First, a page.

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Jack Citrin
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In order to be a good citizen, I believe that it is important to be knowledgable about the future. This class has taught me that one of the most pressing issues that we face right now is global climate change and that now is the time to take action. The most surprising thing about this global issue is the abundance of evidence that scientists have provided and the lack of willingness to enforce any policies to prevent such disasters. Climate change has become a political debate instead of a concrete fact. Furthermore, this class taught me that the steps we can take will not only lead to a healthier, cleaner environmental but also be economically beneficial. As technology rapidly develops, I think we will see a drastic switch to cleaner forms of energy and I am hopeful for the future.
Toggle Commented Apr 22, 2020 on ECON 255 Final Exam at Jolly Green General
nytimes.com/2020/03/26/climate/epa-coronavirus-pollution-rules.html I read a similar article on the new guidelines regarding air pollution. The EPA said they would be "allowing power plants, factories and other facilities to determine for themselves if they are able to meet legal requirements on reporting air and water pollution." I find it irresponsible for the EPA to give factories this much leeway as these industries no longer have to report on the amount of air pollution they produce. Since COVID-19 is a respiratory illness it seems backwards for the EPA to relax restrictions on air pollution that could harm people with underlying health conditions like asthma. In my opinion air pollution should be regulated more heavily in order to decrease the risk to the population prone to the virus.
The paper titled the Impact of Exposure to Air Pollution on Cognitive Performance points out that the total negative externalities like air pollution are hard to calculate in practice. In China where they have one of the largest reservers of coal in the world, the carbon emissions are so profound that new social costs are continuing to be discovered. Air pollution is a compounding social cost. These costs not only apply to the health of human subjects but also their socioeconomic status. Air pollution causes impairment of cognitive function and therefore the poor suffer from an imbalance of educational learning. Therefore a model representing air pollution would reveal a much larger outward shift of the MSC curve. The trend of more than previously thought social costs continues in the second paper on particulate matter. Inappropriate air regulation monitoring by government agencies has led to the continued exposure of smaller particles proven to be the most dangerous to inhale. They penetrate the lung tissue and cause airway blockages that make the air toxic to the body. The final paper looks specifically at ozone concentration's effect on schoolchildren. The theme is the same in that the social costs are high since ambient ozone concentrations have adverse impacts on exposed children and even worse effects on children with preexisting health conditions such as those with asthma bronchial hyperactivity.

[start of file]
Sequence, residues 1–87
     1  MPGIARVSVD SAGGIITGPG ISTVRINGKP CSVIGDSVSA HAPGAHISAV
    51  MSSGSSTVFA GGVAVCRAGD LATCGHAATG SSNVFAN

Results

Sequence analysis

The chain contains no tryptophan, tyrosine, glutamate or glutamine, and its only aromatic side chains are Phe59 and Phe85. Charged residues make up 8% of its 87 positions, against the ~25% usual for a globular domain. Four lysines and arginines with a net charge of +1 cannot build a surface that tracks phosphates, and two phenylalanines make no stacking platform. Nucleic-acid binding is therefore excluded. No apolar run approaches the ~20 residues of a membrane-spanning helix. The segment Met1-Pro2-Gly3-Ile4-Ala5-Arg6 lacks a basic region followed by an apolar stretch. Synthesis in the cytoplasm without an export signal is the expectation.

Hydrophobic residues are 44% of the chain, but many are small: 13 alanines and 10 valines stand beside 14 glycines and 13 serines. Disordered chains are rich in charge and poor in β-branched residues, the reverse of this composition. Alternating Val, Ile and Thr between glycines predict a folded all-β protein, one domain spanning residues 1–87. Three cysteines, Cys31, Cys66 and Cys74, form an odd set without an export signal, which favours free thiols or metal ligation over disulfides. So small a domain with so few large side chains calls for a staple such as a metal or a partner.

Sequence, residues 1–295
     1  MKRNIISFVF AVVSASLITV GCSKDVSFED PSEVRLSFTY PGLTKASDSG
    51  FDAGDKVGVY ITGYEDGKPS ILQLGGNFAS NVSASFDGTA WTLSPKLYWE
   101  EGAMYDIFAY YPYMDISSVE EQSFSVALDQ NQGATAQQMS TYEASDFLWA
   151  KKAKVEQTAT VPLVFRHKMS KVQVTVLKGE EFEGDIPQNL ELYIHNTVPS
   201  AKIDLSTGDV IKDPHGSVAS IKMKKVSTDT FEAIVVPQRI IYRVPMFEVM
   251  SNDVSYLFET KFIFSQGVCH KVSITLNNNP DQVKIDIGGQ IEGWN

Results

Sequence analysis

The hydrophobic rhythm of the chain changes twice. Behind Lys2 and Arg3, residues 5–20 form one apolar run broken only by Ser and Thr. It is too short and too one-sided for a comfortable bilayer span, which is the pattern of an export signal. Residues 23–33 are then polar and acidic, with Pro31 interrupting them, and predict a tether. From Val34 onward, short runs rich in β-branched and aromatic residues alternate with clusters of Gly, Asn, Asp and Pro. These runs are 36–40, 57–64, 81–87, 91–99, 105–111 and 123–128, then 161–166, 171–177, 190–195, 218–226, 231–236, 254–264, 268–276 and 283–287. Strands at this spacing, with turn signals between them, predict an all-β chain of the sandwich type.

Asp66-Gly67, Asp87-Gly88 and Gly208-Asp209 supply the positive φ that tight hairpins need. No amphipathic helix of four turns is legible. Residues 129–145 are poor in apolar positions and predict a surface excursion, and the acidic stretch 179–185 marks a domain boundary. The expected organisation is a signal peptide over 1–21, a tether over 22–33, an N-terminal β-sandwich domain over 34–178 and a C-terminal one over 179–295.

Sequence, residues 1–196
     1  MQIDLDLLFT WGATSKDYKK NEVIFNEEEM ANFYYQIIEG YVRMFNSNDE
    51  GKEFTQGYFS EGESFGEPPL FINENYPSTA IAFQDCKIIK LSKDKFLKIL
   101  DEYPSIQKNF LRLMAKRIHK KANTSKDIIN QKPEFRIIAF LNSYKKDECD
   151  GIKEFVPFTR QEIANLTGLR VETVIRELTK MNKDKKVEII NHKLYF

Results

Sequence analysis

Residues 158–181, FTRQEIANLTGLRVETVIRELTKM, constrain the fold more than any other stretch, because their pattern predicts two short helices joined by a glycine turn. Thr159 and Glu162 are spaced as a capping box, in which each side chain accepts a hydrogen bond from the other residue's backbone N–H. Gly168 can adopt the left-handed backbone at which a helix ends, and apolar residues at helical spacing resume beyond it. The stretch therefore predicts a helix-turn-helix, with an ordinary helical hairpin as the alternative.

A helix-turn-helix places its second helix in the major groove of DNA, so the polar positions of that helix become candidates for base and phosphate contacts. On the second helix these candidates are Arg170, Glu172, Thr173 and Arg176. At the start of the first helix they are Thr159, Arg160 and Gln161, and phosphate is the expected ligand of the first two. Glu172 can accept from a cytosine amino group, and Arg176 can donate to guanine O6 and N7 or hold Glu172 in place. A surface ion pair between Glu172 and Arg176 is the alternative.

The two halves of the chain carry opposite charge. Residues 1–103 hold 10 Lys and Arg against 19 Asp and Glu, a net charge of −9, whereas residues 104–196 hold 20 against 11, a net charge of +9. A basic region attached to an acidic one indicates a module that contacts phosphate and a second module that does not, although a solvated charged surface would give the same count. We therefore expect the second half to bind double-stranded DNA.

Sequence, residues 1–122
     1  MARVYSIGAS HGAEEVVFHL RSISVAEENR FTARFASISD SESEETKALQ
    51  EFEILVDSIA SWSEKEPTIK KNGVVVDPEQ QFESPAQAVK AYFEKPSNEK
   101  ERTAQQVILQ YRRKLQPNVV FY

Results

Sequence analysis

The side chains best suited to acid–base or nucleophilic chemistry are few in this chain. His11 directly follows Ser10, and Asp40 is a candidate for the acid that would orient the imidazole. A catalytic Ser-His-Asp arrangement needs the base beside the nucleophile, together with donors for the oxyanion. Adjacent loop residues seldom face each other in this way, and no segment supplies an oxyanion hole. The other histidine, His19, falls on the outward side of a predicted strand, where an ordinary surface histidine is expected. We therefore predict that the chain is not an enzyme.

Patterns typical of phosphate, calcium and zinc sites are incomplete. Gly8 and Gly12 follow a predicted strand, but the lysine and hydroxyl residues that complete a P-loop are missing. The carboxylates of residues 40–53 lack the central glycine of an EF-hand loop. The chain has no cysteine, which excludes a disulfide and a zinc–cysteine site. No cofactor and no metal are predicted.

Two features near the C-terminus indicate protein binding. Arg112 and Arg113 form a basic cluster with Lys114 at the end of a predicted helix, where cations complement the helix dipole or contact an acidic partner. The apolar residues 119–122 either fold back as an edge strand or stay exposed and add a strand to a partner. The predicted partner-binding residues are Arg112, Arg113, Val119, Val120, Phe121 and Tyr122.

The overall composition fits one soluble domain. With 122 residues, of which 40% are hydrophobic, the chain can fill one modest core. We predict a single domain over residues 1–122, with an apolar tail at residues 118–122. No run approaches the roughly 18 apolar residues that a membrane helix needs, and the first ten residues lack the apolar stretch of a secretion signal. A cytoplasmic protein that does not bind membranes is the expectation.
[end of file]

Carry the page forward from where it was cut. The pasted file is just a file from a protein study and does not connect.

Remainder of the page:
Toggle Commented Mar 11, 2020 on 3 short papers for Friday at Jolly Green General
This article seemed to be based all around inappropriate government intervention. I found it very interesting that the government subsidies actually led to all these environmental problems and other negative externalities such as decline in health status around mining areas. This paper helps to explain how the marginal social costs far outweigh the marginal social benefit of using coal to produce electricity. All aspects of coal mining whether it be mountain top removal, transportation, or combustion lead to severe impacts on the environment and on the surrounding human population. In class we talked about how we have enough coal in the U.S to last decades into the future and provide energy. I wonder at what point the negative effects of coal mining will become so great and obvious that the government quits mining for coal and moves on other alternatives of energy. Furthermore, the United States looks to be making improvements in moving away from coal. One article I read stated that the U.S. cut its share of coal plants to 30% and that the coal industry could be officially retired by 2040. These plants seem to be fearing the threat of large taxes in carbon emissions as a result of global climate change policies. The first step in transitioning to other cleaner energies like solar and wind energy is for the government to stop subsidizing coal industries.